- In the description of the study design, there is no mention of the number of sessions in which the assessment was carried out.

- When the authors describe the participants, they divide the groups into first and second divisions, however throughout the article the terms “elite” and “professional” are used to distinguish the investigated groups. I suggest standardizing the name of the groups.

- In line 159, it is said that the 5vs5 games evaluated took place on the whole court, however, in figures 1 and 2, there is information that athletes were evaluated in small-sided games. I suggest reviewing it.

- In the methodology, nothing is informed about how long the 5vs5 games lasted, and this information only appears at the conclusion (lines 279 and 280). Another information presented lately, in the discussion, is the fact that there were no breaks in the 5vs5 game (line 239). I suggest reviewing these points.

- in line 174, there is a description of the colors of the information in the histograms, however, this information is unnecessary in the methodology, as it is already explicit in the legend of the figure.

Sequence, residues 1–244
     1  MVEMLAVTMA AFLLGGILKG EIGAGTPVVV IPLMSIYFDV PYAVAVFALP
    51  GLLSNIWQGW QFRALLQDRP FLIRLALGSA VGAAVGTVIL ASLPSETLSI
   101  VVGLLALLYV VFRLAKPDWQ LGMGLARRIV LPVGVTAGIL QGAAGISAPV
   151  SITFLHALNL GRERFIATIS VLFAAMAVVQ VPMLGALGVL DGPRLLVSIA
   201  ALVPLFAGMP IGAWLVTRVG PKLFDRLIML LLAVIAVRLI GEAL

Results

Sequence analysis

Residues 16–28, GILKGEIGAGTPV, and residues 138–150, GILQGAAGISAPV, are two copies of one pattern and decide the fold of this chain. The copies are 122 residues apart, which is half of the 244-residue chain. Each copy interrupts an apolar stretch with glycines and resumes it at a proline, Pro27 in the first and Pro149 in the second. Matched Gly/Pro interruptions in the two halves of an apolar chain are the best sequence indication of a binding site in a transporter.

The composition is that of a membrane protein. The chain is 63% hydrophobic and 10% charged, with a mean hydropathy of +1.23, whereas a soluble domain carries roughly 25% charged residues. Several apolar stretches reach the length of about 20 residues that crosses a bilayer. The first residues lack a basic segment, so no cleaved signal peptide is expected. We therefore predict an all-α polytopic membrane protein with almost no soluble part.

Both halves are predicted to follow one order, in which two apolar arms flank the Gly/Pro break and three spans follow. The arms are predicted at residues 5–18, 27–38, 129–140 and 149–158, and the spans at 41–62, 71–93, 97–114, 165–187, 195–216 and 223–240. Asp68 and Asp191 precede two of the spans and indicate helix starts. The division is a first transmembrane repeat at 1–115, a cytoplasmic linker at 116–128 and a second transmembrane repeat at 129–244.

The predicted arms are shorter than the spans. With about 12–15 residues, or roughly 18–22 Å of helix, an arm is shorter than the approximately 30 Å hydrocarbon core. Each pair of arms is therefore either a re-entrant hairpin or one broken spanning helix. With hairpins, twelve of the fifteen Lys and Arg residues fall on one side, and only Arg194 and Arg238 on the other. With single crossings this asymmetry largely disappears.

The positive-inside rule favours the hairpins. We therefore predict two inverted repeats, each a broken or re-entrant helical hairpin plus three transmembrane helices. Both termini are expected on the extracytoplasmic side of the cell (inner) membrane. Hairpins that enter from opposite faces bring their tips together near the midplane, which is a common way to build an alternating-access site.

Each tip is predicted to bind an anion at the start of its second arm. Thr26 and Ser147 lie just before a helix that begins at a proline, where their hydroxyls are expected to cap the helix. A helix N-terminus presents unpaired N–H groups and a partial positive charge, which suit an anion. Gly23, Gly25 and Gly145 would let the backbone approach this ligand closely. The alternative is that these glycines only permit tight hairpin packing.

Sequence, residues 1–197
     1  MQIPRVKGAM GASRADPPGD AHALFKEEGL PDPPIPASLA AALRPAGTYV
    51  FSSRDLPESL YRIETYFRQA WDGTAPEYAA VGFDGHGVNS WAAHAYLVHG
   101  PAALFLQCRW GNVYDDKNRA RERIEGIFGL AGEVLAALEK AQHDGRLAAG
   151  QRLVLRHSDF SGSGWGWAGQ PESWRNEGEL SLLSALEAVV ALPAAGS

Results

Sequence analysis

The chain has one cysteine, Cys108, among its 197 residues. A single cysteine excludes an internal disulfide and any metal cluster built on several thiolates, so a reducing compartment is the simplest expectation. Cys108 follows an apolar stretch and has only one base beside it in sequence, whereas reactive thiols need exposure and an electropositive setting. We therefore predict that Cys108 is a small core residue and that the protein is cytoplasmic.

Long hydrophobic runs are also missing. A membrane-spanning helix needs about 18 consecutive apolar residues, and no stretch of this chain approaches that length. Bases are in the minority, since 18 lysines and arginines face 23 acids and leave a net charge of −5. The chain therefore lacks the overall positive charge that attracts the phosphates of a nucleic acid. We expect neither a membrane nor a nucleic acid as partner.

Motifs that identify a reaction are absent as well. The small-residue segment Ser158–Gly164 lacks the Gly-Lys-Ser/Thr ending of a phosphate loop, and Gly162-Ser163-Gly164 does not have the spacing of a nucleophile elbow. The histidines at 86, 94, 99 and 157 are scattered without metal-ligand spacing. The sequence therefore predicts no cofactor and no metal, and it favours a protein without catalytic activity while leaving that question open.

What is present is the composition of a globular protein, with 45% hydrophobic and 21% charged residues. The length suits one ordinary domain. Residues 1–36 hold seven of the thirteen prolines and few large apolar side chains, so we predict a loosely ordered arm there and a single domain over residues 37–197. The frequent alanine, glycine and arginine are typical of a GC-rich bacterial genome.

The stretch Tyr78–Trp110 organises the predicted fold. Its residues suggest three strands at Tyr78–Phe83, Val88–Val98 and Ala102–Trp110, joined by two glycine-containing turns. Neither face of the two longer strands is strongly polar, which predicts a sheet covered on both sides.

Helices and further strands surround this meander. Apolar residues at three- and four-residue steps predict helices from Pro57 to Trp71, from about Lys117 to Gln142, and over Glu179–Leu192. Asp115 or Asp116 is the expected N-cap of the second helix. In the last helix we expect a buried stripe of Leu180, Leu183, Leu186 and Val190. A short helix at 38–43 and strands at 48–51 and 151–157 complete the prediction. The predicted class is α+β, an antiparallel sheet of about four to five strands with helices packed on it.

- in lines 185 and 186 it is said that the division of groups for the elaboration of table 1 was based on previous studies, however, they are not indicated there. Also, why is this information highlighted in italics in the text?

- In table 1, I suggest the authors take care with the intervals that make up each table cell. For example: if an athlete performed an acceleration of 2.01 m/s², would it be categorized as “walking” or “jogging”? Note that the same value is in both columns, finishing and starting, respectively, the data interval, and this happens in a lot of cases. I suggest reviewing it.

- In Table 2, the effect size of the intensity of acceleration, deceleration, and impact zones was not large; what would be the justification? Could it be, for example, related to being a training situation and not an official game? This aspect was not discussed in the article.

- In general, I missed the discussion of the main findings of the study, as well as the absence of a more direct response to the objectives of the study, discussing them based on the data obtained. The discussion is quite general, and practically takes up the framework of the study.

- I think the information presented in the conclusion could be moved to the discussion, leaving the conclusion session with a summary of the study's findings, as well as pointing out the limitations of the study, such as the non-evaluation of the occurrence of these actions in official games of both groups, and the possibility of evaluating these variables in other periods of the training periodization in future studies.